Being prepared is just common sense

Thursday, September 30, 2021

Be prepared. The Boy Scout model is good advice.

No, you don’t have to be a full-blown “prepper,” stocking up on thousands of dollars worth of freeze-dried food, ammunition and toilet paper, but if the last couple of years have taught us anything, it’s to expect the unexpected.

No one knows when a tornado may descend from the sky, a blizzard roll in from the northwest, or a prairie fire approach your home.

Perhaps an ice storm will take out power for weeks at a time? We’ve seen that happen — or a flood? We’ve run countless stories about the tragedies resulting from the 1935 Republican River flood.

And who knows what other type of disaster could befall us in the future.

Long preoccupied with pandemic-related efforts, the Southwest Nebraska Public Health Department is slowly returning to “normal” activities, including reminding residents that this month is National Preparedness Month.

“Prepare to Protect. Preparing for disasters is protecting everyone you love,” said Kay Schmidt, Emergency Response Coordinator for SWNPHD. “Set aside a few minutes each month to check for items that you might need to add or replace. Re-think your items and family needs, especially if new medications are needed or if children have grown.”

Such efforts should include the whole family, creating a plan for sheltering in place for emergencies that don’t require evacuation, as well as routes to be take should we be forced to leave, where to go and who to call.

Items for family disaster preparedness kits may include:

Food and Water for 3 days (or more). Rotate food every six months.

Personal supplies like clothing, blankets, gloves, and boots, along with hygiene items.

First Aid kit with scissors

Important Documents: (Keep in a waterproof container)

Contact list

Written instructions for how to turn off electricity, gas and water in case authorities advise you to do so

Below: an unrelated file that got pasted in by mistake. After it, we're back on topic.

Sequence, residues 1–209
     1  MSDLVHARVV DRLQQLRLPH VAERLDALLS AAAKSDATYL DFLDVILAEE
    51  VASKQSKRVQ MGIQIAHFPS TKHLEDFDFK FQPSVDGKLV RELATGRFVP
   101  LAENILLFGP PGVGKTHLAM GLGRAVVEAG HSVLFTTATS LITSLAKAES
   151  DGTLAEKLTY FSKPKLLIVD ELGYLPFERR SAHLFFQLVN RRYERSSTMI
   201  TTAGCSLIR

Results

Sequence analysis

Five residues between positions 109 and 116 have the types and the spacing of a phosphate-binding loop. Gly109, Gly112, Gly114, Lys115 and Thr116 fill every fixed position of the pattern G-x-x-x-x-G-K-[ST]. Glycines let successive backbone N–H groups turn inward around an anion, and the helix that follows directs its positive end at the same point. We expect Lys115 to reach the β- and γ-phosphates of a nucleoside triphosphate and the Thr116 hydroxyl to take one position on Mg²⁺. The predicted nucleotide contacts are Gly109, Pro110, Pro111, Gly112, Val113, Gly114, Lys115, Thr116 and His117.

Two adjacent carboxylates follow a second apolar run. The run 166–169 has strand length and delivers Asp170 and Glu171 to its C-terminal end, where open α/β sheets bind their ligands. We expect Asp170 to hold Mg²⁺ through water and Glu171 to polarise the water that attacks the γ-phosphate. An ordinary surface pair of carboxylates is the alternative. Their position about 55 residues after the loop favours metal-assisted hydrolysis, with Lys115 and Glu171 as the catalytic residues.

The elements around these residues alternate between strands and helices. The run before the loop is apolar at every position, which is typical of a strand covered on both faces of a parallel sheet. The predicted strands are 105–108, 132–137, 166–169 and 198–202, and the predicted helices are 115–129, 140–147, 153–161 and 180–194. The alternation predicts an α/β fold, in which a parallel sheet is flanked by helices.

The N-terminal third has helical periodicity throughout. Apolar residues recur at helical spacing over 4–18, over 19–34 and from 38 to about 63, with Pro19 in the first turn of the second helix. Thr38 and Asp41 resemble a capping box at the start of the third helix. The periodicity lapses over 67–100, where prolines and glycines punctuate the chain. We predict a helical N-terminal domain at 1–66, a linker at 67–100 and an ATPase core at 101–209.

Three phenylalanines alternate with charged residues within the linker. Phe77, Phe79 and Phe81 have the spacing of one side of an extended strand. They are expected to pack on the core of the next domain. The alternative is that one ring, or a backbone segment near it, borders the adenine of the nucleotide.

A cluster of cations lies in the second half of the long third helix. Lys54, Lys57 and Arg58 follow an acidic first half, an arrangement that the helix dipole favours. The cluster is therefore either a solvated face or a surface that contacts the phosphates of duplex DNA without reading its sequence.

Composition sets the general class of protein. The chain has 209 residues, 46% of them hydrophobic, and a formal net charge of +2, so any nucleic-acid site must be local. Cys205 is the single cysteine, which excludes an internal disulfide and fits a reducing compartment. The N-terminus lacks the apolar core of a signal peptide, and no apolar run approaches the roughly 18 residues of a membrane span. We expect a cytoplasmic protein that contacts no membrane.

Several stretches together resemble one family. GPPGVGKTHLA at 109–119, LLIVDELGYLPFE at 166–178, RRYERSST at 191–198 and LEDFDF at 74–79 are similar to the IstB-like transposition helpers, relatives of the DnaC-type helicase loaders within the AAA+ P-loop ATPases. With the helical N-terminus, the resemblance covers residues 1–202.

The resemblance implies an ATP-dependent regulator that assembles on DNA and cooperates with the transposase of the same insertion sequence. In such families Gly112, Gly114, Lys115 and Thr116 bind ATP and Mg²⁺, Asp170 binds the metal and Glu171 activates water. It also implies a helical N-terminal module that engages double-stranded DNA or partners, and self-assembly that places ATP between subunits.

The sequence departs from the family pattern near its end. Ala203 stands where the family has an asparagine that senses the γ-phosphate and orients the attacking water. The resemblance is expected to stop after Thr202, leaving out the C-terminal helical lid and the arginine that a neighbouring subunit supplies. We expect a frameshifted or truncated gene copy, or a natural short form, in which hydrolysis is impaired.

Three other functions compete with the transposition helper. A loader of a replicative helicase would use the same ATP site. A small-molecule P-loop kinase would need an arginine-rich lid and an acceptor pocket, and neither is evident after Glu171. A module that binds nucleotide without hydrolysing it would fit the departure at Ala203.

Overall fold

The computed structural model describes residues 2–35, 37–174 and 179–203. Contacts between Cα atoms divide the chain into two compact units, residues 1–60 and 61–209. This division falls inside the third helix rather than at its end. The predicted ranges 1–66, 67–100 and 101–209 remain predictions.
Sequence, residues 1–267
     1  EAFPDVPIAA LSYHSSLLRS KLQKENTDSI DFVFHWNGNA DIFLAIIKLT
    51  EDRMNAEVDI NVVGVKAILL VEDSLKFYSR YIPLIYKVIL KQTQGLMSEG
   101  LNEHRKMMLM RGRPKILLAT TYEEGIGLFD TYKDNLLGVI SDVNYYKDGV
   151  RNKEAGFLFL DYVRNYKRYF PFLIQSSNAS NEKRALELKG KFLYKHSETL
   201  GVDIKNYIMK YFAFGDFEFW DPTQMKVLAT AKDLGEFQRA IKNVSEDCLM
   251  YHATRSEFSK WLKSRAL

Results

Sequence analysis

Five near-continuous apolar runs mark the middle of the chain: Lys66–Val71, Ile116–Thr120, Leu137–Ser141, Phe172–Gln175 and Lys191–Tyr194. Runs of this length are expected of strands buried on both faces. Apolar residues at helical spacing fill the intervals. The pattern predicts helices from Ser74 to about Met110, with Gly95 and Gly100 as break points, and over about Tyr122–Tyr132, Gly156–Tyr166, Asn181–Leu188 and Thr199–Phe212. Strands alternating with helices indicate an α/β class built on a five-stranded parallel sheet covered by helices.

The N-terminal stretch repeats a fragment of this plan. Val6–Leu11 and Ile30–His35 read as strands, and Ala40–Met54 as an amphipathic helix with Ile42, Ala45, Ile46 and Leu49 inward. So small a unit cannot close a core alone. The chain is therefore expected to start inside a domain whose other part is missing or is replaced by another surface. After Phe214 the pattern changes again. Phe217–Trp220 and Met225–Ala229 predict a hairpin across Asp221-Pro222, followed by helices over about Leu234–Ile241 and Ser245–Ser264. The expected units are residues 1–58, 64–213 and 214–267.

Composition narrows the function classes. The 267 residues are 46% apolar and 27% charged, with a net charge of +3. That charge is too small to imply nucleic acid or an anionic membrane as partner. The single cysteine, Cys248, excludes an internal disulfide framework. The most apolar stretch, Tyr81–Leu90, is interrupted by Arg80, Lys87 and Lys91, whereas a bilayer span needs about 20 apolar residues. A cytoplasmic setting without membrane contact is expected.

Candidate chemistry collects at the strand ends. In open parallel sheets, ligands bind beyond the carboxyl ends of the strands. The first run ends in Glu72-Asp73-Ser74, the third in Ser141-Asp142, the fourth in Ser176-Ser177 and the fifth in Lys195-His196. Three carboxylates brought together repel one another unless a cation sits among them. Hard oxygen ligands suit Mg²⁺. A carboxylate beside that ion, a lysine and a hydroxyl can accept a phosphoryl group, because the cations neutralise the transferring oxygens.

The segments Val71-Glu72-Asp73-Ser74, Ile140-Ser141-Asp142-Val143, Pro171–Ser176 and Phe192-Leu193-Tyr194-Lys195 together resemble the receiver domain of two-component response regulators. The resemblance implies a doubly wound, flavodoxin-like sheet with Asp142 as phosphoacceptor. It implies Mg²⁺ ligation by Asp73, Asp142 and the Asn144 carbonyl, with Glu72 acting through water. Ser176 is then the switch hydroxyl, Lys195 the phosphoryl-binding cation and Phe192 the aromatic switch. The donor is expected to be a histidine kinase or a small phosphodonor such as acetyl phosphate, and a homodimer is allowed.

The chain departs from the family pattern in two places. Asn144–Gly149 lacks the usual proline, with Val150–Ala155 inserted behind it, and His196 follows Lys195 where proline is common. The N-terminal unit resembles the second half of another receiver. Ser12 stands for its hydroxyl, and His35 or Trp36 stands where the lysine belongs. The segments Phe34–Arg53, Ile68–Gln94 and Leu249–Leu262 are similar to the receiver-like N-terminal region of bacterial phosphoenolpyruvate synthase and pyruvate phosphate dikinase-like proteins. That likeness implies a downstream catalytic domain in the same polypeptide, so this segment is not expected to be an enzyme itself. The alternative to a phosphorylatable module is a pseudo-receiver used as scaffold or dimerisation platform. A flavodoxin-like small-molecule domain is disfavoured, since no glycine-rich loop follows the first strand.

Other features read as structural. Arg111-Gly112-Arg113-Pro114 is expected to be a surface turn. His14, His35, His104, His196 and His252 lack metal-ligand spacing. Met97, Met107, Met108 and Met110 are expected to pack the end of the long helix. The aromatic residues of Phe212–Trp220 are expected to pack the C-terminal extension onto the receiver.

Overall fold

Home inventory list with photos and videos

Supplies for family members with unique needs such as infants, seniors, and pets, including any special foods and medications.

Misc. Supplies





Duct Tape


Extra set of car and house keys


Hand crank or battery-operated radio

Area maps

Matches in a waterproof container

Notebooks and pens

Permanent markers

Plastic sheeting


Small toolbox

Shut-off wrench to turn off house-hold gas and water

Utility knives


Cell phone charger, or solar charger

Other helpful preparedness tips to remember:

• Place loose items in airtight plastic bags and keep these items in large easy-to-carry, waterproof containers like a trash bin or plastic tub.

• Label each container with your name and address.

• Have last-minute items ready to add when a warning or evacuation order is issued.

• Store the kit in a safe place near the main exit.

More information on how to prepare for the types of disasters you are most likely to encounter in your area can be found at Ready.gov. You can also get informed by downloading the FEMA app for disaster resources, weather alerts, and safety tips.

Southwest Nebraska Public Health serves Chase, Dundy, Frontier, Furnas, Hayes, Hitchcock, Keith, Perkins, and Red Willow counties. Visit swhealth.ne.gov for information on preparedness. You can also follow SWNPHD on Facebook, Twitter, and Instagram. SWNPHD is located at 404 West 10th St (1 block north of Arby’s) in McCook and can be reached by calling 308-345-4223.

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